On the road again: An interview with Tsang Tsui-Shan
‘I think everyone is surprised there is countryside in Hong Kong!’ We chat to Tsang Tsui-Shan, director of Big Blue Lake and Lovers On The Road…
They say home is where the heart is, and that’s definitely the case for director Tsang Tsui-Shan, also known by her English name Jessey Tsang. Her latest feature, the award-winning Big Blue Lake – which picked up Best New Director at the 2012 Hong Kong Film Awards and Film of Merit at the 2012 Hong Kong Film Critics Society Awards – has dug deep on her own personal experiences of her hometown Ho Chung, a rural village in the Sai Kung district to the north of the Hong Kong territory.
Beautifully shot in spite of its meagre budget, it tells the bittersweet story of a theatre actress, Cheung Lai-yee (played by Leila Kong) who returns home after 10 years away to find her father and brother abroad, and her mother suffering from Alzheimer’s and in need of care. She also meets an old school friend Lam Chun (played by Lawrence Chou) and together they begin looking for a lake she vaguely remembers, exploring the idea of memory on several levels.
Home is definitely not where Tsang is right now, though; joining me via Skype for an interview from Berlin where she’s working on her next project, she’s made her way there via Poland after attending a screening in London where her film was shown as part of HK15 Film Festival. Her Skype status reads ‘On the road’. She apologises for not having her video on as she’s just woken up. (I have to admit, with Germany being ahead by one hour and it being just after 8:30am UK time, I rather wish I’d done the same.)
Big Blue Lake is her second feature, having worked on and off since studying film at The Hong Kong Academy for Performing Arts 10 years ago. ‘My major was in sound design and recording, as I didn’t plan on becoming a filmmaker,’ she explains. But along the way she caught the bug, making short films. ‘My first was really just a personal documentary, with a simple camera.’ She then applied for art funding to start her fictional narratives.
She also obtained a Master of Fine Arts in the Media Design and Technology Programme from City University of Hong Kong in 2005. Between shorts, experimental work and getting her features off the ground, she filled in doing art administration, even did some film production around 2006, including work on Ang Lee’s Lust, Caution and The Mummy: Tomb of the Dragon Emperor. But often her own projects have related back to her village, such as the rather enjoyable multimedia project All About My Ho Chung. ‘I think it’s I just like it so much!’ she laughs. ‘I think really there’s just so much about the village that interest me. I still actually live there.’
In a very real sense, her interest is more in the villagers themselves, and their stories, than the actual physical location. She explains how common it is for inhabitants of Ho Chung to migrate overseas to work since the 50s. ‘So many villagers are going back and forth between the village and overseas, members of my family were drifting around different cities, like Paris and Beijing, for example. So even though I stayed in Hong Kong growing up, all these multicultural ideas and things because of my aunties and uncles surrounded me.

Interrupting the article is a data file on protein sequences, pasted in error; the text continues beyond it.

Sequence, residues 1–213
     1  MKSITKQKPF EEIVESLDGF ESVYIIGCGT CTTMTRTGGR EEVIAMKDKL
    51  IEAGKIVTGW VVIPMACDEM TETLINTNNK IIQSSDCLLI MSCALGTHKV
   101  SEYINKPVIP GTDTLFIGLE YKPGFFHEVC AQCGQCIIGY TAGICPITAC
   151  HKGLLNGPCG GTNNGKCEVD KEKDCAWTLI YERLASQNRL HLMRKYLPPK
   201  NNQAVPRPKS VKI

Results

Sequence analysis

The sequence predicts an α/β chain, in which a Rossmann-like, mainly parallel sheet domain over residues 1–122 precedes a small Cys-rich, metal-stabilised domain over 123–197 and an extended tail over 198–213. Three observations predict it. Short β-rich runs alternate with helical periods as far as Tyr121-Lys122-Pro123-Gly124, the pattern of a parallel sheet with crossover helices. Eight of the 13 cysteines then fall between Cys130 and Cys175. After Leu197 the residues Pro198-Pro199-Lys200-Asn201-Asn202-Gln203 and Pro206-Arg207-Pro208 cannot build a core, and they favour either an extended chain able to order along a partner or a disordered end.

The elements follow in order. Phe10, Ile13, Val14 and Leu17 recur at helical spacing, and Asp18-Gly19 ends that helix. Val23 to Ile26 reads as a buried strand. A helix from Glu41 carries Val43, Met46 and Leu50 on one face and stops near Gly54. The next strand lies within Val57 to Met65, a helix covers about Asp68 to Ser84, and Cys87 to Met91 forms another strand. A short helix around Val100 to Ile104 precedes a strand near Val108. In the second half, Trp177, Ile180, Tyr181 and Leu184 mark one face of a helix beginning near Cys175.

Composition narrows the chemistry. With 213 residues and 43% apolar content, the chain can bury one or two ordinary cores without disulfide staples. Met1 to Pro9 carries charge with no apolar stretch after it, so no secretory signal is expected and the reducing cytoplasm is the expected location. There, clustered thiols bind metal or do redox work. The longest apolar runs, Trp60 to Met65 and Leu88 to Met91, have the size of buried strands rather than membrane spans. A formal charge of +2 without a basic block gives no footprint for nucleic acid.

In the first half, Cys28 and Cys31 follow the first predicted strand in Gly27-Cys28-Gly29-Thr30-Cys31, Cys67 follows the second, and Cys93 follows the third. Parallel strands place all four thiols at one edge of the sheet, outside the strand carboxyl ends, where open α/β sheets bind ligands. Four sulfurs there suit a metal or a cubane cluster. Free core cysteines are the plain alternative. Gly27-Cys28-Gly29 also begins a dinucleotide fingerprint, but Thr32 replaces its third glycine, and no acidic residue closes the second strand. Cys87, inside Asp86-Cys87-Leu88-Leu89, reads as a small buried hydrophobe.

‘They were back and forth so often as their kids in a different country, it made me think about home and different spaces, different cities, and how different everyone’s story could be. It’s the community and the people within that community, their stories. So it’s not really just about my hometown, but it really does inspire me.’
Unsurprisingly that led her to explore the theme of migration over what she describes as a trilogy: the short films Lonely Planet and Où est la sortie? and first feature-length movie Lovers On The Road. ‘They’re all about a main female character drifting from city to city, about identity, about space. Some of Lonely Planet was filmed in my village, but Sortie was shot in Paris, and most of Lovers On The Road in Beijing. It was more about those places, the people; about friendship.’
Lonely Planet won her the Silver Award at ifva (Incubator for Film & Visual Media in Asia) in 2004, with Lovers on the Road winning the Best Drama Award of the 8th South Taiwan Film Festival in 2009.
Ironically, it was this exposure to overseas travelling that only made her appreciate home more. ‘Like everyone, when I was little I just wanted to see the world and explore. But I was 30 when I finished Lovers On The Road, and I realised just how much everywhere was the same. It wasn’t just the Starbucks – I’d go to some city in China and see dessert restaurant called Moon Kee, which started in my hometown. I just thought, “Wow, why do I need to travel? I think it’s time to go back home”.’ It was this experience that inspired her to make Big Blue Lake.
‘I felt I should make a homecoming movie, and also it was time to go back home, because your hometown is special. It has your childhood memory, your friends, your family; so this only unique place in the world. Because of globalisation, everywhere else is the same.’